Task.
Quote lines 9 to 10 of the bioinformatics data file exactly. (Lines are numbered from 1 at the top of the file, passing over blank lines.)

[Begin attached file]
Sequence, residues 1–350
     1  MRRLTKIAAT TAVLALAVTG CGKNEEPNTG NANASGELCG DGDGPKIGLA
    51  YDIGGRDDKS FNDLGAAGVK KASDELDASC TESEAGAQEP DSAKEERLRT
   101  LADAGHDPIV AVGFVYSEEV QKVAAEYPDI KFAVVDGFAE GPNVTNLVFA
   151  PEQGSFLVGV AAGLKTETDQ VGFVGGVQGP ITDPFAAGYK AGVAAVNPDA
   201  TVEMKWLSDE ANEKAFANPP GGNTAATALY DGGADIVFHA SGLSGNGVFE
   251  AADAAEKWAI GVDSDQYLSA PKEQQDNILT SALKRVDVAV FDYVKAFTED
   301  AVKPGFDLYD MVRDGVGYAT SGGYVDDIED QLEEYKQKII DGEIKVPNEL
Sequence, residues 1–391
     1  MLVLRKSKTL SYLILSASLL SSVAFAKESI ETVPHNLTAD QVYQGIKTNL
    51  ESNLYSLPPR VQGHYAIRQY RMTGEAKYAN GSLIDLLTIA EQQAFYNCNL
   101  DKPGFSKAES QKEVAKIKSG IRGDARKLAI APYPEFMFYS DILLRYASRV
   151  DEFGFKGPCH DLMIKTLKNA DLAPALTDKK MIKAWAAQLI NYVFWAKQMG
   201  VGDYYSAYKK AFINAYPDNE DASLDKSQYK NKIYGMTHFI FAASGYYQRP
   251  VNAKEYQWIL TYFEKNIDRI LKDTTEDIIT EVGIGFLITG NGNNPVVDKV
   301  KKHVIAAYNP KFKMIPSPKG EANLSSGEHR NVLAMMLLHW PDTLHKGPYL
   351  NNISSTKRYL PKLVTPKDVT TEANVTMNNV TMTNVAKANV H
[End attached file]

Sequence, residues 1–391
     1  MLVLRKSKTL SYLILSASLL SSVAFAKESI ETVPHNLTAD QVYQGIKTNL